I recently was lucky enough to be one of the random winners for a knit-along.  My prize was a custom journal made by Becky's Paper Creations.  I figured that with my new interest in spinning, it would be fun for the journal to be for spinning.  I gave Becky a picture and a few thoughts, and on Saturday, this arrived at my door:
Isn't it the cutest thing?  I love it.  I figure I'll use it to keep samples of fiber and yarn and to record yarn specs.  Now just to keep spinning so I have some more to put in it.  Thanks Becky!

Thursday, November 18, 2010


I don't get a chance to bake all that often anymore, but every once in awhile....

Today was the annual pre-Thanksgiving potluck at my office, and I contributed one of my favorite recipes.  I hate that I'm old enough to say I've been making something for almost 15 years, but I seriously have been making these Turtle Brownies since 1996, and they've never disappointed. 

There's just something about chocolate, pecans, and homemade caramel.

Mike and I are staying home for Thanksgiving this year, and it will just be the two of us, but I already can't wait to start cooking.

Friday, October 29, 2010

Drop Spindle Spinning

I've tried to spin yarn before, but not really having any clue what I was doing, I never got very far.  I have 3 drop spindles and some practice fiber, all of which has been buried away in the closet for the last several months.  When I saw that Cloverhill Yarn was offering a beginning drop spindle class, I jumped on the opportunity.  After two hours of class, I definitely had some progress to show for my time.

 I loved every minute of it. When I got home, I pulled out the pretty trindle and fiber that I got at the Maryland Sheep and Wool festival last year, and I sat down and started spinning. It's new, it's awkward, and it takes my full attention as I try to draft the fibers evenly and keep the spindle spinning. I'm still big on "park and draft" -- meaning I stop the spindle from spinning as I work on drafting the fibers.  My yarn isn't perfect but not lumpy either.

 When you first start knitting, each stitch takes concentration, and in the beginning, it seemed to me that there were always new skills to learn.  I loved that part about learning to knit.  It was easy to block out the world and just stare at the loops of yarn over 2 wooden sticks.  Simple, but so much to pay attention to.  After knitting for several years, rarely do I shut out the entire world and focus only on my hands and stitches.  A big part of me misses that aspect of knitting.  I miss the escape it provided.  For the past several days as I anticipated stress at work, I found myself reaching for the spindle.  Spinning requires my full attention, and there is neither pressure to rush nor an expectation of how much I should be spinning in a given time frame.  No rows to count or fabric to measure, just a calm and quiet twirling spindle.  Progress is slow, but I'm definitely seeing some results.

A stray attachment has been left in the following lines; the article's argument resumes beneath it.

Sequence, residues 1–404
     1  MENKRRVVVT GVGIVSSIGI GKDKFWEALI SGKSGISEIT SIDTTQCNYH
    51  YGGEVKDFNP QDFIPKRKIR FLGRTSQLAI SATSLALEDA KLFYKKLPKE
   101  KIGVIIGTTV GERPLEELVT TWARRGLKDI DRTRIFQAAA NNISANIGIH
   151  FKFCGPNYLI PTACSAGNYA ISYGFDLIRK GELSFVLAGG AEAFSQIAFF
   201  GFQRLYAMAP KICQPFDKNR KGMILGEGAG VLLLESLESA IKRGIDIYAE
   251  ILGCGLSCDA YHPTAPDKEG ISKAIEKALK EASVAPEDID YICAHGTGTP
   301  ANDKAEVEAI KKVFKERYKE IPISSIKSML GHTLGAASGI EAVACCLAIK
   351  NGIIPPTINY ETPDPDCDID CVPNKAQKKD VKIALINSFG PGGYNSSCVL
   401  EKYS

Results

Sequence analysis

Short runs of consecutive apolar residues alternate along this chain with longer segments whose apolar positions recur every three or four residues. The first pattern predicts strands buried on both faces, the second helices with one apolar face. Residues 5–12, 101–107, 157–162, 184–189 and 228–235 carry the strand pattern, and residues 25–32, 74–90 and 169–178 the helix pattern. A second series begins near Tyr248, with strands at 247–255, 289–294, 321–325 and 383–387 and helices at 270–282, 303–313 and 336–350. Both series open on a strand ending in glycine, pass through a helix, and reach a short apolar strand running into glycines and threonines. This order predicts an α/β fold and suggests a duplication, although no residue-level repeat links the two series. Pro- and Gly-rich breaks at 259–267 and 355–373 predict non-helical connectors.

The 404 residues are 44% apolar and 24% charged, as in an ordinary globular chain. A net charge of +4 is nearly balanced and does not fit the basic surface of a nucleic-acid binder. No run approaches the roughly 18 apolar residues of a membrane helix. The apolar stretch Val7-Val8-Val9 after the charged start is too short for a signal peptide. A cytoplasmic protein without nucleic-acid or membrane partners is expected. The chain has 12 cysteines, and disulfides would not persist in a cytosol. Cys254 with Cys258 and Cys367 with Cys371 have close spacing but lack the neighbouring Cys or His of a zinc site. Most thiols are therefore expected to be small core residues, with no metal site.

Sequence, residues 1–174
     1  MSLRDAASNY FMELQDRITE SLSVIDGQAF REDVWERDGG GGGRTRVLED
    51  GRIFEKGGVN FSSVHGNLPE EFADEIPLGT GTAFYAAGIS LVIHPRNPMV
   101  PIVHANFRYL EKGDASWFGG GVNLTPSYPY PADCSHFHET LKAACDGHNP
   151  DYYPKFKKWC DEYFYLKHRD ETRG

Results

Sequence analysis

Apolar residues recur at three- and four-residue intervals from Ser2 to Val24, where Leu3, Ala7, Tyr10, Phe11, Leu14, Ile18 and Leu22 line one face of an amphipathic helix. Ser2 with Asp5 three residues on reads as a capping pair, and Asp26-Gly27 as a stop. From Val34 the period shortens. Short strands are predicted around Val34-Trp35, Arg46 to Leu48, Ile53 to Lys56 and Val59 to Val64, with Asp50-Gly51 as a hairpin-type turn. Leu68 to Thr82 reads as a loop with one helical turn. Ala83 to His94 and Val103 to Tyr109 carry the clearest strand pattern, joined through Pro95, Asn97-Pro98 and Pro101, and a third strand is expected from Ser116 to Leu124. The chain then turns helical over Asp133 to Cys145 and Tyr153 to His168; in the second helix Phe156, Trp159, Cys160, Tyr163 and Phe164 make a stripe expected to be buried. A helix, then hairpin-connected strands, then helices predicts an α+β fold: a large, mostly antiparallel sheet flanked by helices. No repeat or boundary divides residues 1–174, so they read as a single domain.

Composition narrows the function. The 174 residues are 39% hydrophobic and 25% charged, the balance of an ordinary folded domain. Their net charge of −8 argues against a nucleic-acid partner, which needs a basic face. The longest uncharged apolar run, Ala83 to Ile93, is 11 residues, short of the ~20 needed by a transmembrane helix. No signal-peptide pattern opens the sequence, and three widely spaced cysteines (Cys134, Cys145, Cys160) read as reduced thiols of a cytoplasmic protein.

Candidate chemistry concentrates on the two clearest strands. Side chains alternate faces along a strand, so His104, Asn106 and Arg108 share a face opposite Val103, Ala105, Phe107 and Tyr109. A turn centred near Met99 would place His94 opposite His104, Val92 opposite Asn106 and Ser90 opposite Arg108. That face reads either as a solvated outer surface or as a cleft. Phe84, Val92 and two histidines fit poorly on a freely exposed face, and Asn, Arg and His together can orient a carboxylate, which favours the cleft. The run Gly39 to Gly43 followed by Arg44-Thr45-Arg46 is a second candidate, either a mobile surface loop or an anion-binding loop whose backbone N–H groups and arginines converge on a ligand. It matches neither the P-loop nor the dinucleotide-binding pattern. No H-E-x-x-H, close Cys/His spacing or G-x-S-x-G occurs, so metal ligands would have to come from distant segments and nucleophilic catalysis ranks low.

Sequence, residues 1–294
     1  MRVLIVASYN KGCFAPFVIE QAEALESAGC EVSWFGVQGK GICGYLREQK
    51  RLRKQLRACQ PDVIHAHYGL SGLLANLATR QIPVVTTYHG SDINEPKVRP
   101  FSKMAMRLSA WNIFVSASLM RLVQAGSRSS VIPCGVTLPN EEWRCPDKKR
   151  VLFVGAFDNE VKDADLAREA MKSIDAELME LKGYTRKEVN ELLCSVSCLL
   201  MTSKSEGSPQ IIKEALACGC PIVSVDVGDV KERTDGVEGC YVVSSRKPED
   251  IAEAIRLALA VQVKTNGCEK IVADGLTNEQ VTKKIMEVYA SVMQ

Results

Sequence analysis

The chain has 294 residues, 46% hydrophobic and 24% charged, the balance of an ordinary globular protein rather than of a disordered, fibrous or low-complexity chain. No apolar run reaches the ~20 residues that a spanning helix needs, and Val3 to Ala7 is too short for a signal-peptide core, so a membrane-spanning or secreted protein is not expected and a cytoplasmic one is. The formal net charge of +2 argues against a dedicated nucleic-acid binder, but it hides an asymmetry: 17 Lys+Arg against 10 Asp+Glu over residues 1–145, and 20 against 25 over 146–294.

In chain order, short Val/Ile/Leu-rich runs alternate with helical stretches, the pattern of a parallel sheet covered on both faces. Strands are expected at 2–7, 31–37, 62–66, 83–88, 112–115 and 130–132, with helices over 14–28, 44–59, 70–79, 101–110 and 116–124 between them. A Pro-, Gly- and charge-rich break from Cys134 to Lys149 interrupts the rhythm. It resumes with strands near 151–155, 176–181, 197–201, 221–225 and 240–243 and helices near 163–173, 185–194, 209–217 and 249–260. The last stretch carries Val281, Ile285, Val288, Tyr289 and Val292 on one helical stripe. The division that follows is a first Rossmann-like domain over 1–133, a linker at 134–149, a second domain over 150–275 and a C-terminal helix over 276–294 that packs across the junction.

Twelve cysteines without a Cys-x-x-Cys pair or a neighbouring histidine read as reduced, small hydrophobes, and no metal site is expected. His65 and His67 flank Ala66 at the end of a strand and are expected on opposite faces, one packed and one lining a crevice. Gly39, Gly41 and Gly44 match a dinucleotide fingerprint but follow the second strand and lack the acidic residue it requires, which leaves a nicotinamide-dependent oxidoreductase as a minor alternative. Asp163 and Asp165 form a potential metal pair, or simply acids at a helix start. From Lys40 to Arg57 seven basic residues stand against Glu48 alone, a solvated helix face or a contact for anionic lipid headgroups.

I'm not sure whether spinning will stick more this time or whether once again the tools will be put aside.  I'm not too worried about it one way or the other.  Right now, I'm just enjoying the peace.  Although I admit, I might be a little eager to finish up the 4 oz of purple fiber I'm working on now so I can move onto this:

Friday, October 22, 2010


Whippoorwill is finished!  Despite some setbacks, it came together rather nicely in the end.

Pattern:  Whippoorwill (Ravelry pattern)
Ravelry Project Page
Yarns: Rainy Days and Wooly Dogs Oleander--Absinthe
            Madelinetosh Sock--Emerald City
Needles:  Size 7 US
Cast on:  October 1, 2010
Finished: October 21, 2010

I know there are a ton of mistakes somewhere, but I have no idea where and nothing is visible. Maybe no mistakes are actually there then?  I didn't waste too much time puzzling that one out.  Instead I enjoyed waltzing around work today with my pretty new shawl wrapped around me and felt like a million bucks. 

It's a very good size shawl--the amount of drape is a little more apparent in this back shot. I only knit the medium size, but I wanted a large shawl that I wouldn't have to constantly be throwing back up over my shoulder.  Since I didn't have enough yarn for the large size, I knit the medium on size 7, so at a little larger gauge than the pattern instructs.  The finished size definitely exceeded my expectations.  It's perfect for warm or cool weather, and I knocked out two skeins of stashed sock yarn to make it.  Basically an all-around win.  I love when I get to say that!